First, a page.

As prey animals (animals preyed upon by predators) horses instinctively push or fight against pressure in order to find freedom and escape. As such they have learnt that comfort or release is the desired outcome. We see evidence of this daily with horses doing whatever is necessary to escape confinement or pressure of any kind (just think of horses that pull back for instance). At Quantum Savvy we recognize that horses learn by when comfort is offered or by release and our whole programme of working with horses - Release Focus Training™ - is based upon this crucial principle.
Which is a shame, since their unique "principle" is nothing new. Here's Alois Podhajsky (former director of the Spanish Riding School) from 1973 (Alois Podhajsky: The Riding Teacher):
For thousands of years the maxim has been maintained that "The art of riding is based on the judicious administration of reward and punishment." Today we note with regret that, vis-a-vis the age-old principle, the administration of punishment has been observed much more than that of reward. [...] And if we remember to reward [horses] at any appropriate moment, then not only will we riders experience the happiness of this world but our horses, too, will be happy creatures.
Or James Fillis from 1902 (James Fillis: Breaking and Riding):
A pat on the neck should be given at an appropriate time, that is to say, immediately after an act of obedience on the part of the horse, in the same manner as punishment should promptly follow disobedience. The moment he yields, give him his proper reward by patting him on the neck and slackening the reins, which will greatly facilitate the process of breaking. To obtain its full effect, a pat on the neck should be accompanied by the voice. A combination of these two soothing means will produce the best possible effect and, as a rule, will accomplish its object.
Or Xenophon from c. 400BC (Xenophon: The Art of Horsemanship trans M H Morgan):
If, however, you reward him with kindness after he has done as you wish, and punish him when he disobeys, he will be most likely to learn to obey as he ought. This rule, to be sure, may be expressed in a few words, but it holds good in every branch of horsemanship. For instance, he would receive the bit the more readily if some good should come of it every time he received it; and he will leap and jump up and obey in all the rest if he looks forward to a season of rest on finishing what he has been directed to do.
There are various articles and videos on the website, but unfortunately these all require signing up to the website to access them - something EoR wasn't interested in doing. Nonetheless, the forums are publicly accessible. They're full of people singing the praises of Quantum Savvy in an almost religious fervour.
What helped [...] Beleiving in the programe, that Quantum would not ask anything of me which I wouldn't be able to do, thanks guys. [...] Keep it up Johanne....you are doing a fabulous job of following the programme and Im so glad its really paying off for you. Thank you for being such a terrific student. (got that blue string and badge warming up for you!)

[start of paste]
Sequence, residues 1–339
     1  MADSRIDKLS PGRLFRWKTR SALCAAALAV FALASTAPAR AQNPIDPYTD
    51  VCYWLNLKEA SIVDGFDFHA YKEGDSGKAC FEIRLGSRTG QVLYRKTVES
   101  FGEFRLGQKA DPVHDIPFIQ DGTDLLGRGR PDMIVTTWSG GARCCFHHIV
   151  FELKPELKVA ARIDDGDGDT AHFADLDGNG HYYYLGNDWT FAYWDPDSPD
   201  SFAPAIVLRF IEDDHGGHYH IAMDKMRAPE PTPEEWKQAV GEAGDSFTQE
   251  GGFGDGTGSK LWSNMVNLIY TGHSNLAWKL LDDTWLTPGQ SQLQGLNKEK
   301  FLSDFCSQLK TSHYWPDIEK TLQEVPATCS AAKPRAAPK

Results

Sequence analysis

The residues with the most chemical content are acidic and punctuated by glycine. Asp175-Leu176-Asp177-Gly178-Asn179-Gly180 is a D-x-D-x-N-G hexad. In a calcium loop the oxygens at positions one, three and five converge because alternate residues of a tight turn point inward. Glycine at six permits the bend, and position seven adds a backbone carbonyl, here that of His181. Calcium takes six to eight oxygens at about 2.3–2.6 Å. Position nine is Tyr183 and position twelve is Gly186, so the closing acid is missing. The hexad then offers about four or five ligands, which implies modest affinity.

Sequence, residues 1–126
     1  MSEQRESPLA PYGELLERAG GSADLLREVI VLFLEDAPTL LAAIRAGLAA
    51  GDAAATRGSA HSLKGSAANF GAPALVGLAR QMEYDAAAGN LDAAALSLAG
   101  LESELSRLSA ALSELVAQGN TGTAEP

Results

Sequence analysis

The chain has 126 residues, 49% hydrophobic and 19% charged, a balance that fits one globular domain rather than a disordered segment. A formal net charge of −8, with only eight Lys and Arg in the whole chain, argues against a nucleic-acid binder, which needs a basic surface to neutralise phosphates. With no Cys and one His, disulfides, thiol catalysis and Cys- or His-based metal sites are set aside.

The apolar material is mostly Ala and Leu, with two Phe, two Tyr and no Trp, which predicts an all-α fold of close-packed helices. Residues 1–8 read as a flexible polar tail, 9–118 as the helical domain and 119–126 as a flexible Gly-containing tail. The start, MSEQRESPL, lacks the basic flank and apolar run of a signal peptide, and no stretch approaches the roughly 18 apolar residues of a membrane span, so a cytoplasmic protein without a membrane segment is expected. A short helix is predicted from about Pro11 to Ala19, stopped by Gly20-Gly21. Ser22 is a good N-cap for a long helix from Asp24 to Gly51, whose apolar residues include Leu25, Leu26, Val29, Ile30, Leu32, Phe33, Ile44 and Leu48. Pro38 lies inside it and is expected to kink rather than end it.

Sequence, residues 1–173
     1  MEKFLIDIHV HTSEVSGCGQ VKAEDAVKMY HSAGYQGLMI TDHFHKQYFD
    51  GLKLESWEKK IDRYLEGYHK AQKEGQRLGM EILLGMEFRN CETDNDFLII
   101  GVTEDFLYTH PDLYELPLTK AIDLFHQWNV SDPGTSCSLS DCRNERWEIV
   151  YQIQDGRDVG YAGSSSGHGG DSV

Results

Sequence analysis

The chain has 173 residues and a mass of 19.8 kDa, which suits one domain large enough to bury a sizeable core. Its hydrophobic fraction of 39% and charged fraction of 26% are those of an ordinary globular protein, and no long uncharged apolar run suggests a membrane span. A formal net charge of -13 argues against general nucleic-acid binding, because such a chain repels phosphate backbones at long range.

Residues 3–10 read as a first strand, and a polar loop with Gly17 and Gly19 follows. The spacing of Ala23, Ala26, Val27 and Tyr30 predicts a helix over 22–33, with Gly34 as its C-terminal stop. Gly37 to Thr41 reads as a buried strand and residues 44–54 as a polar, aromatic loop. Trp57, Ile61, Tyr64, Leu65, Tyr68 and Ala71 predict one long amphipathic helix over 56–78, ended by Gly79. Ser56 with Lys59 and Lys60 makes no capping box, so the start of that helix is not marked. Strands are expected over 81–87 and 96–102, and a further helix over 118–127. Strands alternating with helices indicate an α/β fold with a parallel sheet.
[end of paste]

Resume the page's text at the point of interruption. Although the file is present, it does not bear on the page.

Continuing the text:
This reminds EoR of other organisations that require you to "follow the programme". Amway? Scientology?
Then there's the "dream" of training a one eyed horse, where the answer inadvertently implies that the followers of this wonderful way are also one-eyed:
Hi Zoe.....we have had lots of horses with limited vision or only one eye do the programme with every success. We have also had many students in the same boat also achieve their dreams.
When the devotees mock themselves so well, it's like shooting the proverbial fish in the natural barrel...
There is also interesting information about how Quantum Savvy works in the latest newsletter:
The QA programme was designed to build emotional fitness.... all you have to do is to have some faith in the programme and just keep ticking those boxes.
And paying for all those courses and certificates. And, like all good natural horsepersonships, the whip is loathed, but specially named replacements are not only available (for a price) but are also de rigeur for the correct effects of the magic:
A horseman's stick is the perfect answer [...]. Because it is rigid it does not have the sting of a whip. This also helps us with accuracy and timing - it starts when we want and quits when we want - and it is easier to aim than a rope. Made of polyester, it's strong and won't splinter, it is light-weight with the weight in the handle end for balance so it doesn't wear your arm out. The handle is rubber for comfort and grip plus you can attach your horseman's string to the end for extra reach.
Which is funny considering whips are often rigid, are made of polyester, and have weighted handles made of rubber. If you really want to, you can even attach "strings" to them (in reality, marine grade rope sold at a premium).
Sadly, EoR couldn't find any information about why this particular subschool of reallocating your money is in any way "quantum". Unless it's the quanta of money you need to keep offering to the gurus.